In a previous post, I explored how leaders create an environment of innovation by allowing people to think differently and expecting innovation from everyone. But what makes a successful innovator?
I believe that there are five traits or behaviours that are needed to be successful in innovation. To date, I have not seen these traits or competencies in many corporations’ selection or promotion procedures. Actually, I have not seen them in any recruitment process, yet many organisations want their culture and their people to be innovative.
Trait 1: Curious
Successful innovators must be curious. They are interested in the new and different. They do not try to work out how to use what they find, but just store it in their memory banks.
They regularly test, re-test, experiment, create prototypes; key ingredients to finding the best solution. They know that the first idea is unlikely to be the best one, or the final version.
Do we all have to be curious? I don’t believe we do, but we must allow people to ask questions without getting offended by what can appear to be questioning of our competency.
Exploring must happen in an organisation. If you only exploit the resources you have, then one day there will be nothing left. Think rainforests…
Trait 2: Passionately Dissatisfied
If there is no dissatisfaction, there is no incentive to find a better way. A successful innovator will not be satisfied with the current position. They want their team, department or organisation to be the best it can be, and are not satisfied until they have achieved that.
They could be viewed as trying or pessimistic, but they are anything but. They have a passion and drive to be the best, knowing that they will not get there by standing still. They tend to be pretty harsh markers of themselves and others; they rarely give 10 out of 10!
People with this competency can be difficult to work with at times, because they are hard to please. However, it is never meant personally; passion and drive takes over and sensibilities are forgotten in their keenness to find the “answer”.
Trait 3: Active Listener
To improve an idea, collaboration is essential. It is highly unlikely that there will be brilliant ideas without collaboration. Other views, feedback and differing opinions, are vital in identifying improvements that produce the success that innovators need and crave.
Innovators do more than just hear what others say, they listen to what they hear. They can distill the noise into what improves and adds, and what should be ignored. Hearing is a passive task, whereas listening is an activity that is practiced.
Hearing is sucking all the noise in, while listening is about distilling the noise to find the valuable insights. Some are naturally much better at listening than others, however listening is a skill that can be developed over time and with practice. Successful innovators are not just a good hearers, they are active listeners.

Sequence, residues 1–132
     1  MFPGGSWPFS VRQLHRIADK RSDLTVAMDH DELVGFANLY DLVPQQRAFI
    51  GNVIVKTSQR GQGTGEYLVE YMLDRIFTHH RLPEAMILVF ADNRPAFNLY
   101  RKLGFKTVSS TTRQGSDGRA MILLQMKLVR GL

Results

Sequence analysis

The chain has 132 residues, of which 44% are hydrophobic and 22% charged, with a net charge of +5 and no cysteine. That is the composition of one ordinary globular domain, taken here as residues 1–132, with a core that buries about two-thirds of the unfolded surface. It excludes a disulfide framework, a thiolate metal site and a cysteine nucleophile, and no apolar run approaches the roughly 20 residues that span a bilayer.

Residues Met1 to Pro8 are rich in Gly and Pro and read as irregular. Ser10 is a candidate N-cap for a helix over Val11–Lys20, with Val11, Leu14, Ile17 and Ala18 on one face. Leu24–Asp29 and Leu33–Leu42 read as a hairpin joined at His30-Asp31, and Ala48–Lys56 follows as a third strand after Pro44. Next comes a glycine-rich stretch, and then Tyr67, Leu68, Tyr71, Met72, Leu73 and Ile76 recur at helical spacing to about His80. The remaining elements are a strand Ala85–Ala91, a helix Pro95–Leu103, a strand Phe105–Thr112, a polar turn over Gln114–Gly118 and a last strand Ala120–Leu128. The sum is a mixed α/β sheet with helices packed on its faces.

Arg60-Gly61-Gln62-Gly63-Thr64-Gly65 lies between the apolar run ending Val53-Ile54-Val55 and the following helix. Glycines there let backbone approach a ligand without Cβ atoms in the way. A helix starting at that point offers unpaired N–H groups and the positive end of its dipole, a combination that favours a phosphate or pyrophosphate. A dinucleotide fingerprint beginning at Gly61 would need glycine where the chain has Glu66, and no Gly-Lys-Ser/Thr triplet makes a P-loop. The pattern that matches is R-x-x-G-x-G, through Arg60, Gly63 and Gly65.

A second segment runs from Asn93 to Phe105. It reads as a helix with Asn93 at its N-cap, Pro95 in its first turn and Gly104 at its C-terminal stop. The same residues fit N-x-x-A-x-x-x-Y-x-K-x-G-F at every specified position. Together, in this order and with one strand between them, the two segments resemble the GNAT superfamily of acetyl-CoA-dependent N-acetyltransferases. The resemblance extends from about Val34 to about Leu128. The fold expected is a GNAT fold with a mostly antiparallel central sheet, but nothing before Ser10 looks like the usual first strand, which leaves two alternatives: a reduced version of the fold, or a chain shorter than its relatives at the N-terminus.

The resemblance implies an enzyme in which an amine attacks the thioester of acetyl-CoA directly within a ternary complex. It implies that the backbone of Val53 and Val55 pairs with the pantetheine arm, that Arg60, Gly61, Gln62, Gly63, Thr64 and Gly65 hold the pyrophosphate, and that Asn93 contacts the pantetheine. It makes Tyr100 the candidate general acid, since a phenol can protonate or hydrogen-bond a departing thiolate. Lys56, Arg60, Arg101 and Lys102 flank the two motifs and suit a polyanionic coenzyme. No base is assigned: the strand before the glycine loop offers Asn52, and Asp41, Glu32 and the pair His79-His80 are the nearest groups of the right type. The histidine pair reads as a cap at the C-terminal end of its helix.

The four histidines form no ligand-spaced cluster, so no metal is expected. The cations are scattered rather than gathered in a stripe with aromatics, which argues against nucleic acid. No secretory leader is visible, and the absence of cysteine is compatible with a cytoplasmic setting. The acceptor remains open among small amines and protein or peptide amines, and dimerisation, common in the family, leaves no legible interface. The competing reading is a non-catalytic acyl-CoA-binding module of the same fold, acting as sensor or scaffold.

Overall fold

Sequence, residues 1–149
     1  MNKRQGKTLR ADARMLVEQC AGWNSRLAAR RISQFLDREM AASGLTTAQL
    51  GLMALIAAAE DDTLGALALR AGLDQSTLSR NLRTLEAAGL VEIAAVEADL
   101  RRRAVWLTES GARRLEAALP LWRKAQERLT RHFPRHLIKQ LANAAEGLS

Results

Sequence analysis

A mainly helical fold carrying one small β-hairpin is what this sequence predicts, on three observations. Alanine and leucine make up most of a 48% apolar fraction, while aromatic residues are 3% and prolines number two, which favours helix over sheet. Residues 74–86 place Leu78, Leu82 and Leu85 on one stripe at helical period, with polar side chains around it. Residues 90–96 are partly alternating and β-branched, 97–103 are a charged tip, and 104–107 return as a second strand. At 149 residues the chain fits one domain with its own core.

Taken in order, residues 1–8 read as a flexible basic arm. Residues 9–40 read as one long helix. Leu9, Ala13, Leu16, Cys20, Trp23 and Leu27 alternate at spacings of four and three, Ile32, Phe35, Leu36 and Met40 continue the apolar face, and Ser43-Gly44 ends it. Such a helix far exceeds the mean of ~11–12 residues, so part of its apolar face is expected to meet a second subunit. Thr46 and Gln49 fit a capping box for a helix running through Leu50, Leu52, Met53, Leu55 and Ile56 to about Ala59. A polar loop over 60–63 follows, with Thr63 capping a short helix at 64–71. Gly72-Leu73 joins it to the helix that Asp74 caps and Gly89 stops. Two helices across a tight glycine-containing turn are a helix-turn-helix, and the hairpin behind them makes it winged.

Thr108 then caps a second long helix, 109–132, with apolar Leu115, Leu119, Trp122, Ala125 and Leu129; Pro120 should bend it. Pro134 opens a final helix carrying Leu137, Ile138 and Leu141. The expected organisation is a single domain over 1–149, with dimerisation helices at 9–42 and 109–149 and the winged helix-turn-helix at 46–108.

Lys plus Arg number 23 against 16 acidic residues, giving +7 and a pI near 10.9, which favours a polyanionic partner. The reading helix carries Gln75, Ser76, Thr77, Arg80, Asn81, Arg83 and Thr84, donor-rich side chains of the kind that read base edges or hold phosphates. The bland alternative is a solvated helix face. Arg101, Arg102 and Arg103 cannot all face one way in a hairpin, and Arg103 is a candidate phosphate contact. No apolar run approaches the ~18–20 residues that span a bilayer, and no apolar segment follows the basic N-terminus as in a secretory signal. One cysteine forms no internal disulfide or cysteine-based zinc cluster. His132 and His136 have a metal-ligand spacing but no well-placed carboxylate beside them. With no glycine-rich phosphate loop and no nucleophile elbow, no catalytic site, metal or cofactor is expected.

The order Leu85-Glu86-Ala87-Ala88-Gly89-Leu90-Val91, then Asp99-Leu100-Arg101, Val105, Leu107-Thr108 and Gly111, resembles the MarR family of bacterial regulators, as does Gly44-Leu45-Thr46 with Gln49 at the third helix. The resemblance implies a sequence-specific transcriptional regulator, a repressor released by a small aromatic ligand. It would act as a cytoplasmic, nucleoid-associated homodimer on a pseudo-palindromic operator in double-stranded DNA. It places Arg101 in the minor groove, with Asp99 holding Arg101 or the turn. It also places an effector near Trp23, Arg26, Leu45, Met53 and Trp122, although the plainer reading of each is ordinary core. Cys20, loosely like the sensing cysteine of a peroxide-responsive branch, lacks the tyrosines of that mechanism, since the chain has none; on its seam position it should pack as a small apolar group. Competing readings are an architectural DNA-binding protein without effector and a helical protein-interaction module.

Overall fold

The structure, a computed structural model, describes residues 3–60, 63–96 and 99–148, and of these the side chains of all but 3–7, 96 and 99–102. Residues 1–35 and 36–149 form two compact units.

Trait 4: Great Timing
Bonaparte was reported as saying, “I don’t want good generals, I want lucky generals.” Successful innovators have the uncanny knack of having great timing. They have the intuitive ability to know when to push ideas because they will survive, and when to hold ideas back because the time is not right.
Successful innovators understand when divergence is needed, when they need to seek more options and possibilities to enable the ideas to improve. They know when convergence is necessary, when the options need to be shut down so that a decision can be reached.
It is not luck, but comes through clearly understanding the problem that is trying to be solved, the environment that it will enter into and the beneficiaries of the resultant solution.
Trait 5: Thick-Skinned
Innovators have to fight the nay-sayers. They “rock the boat” and not everyone likes the adrenalin rides! Once they have the right course, they must have the strength to stick to it.
Change is not universally loved; as humans, we like the familiar, and often fight the unexpected and unknown. This is when it all gets emotional and potentially personal.
Emotions get in the way of rational thought, innovators are often blamed for the problems. As hard as it may be, innovation is about bringing change to produce a better situation. With change, people have to adapt and they will not always like it. The successful innovator can stay the course and bring about the change that is needed.
In summary, if organisations want to develop an innovative culture, a culture that seeks change and strives for improvement, they must identify, value, improve and expect these five traits in their key assets, their people.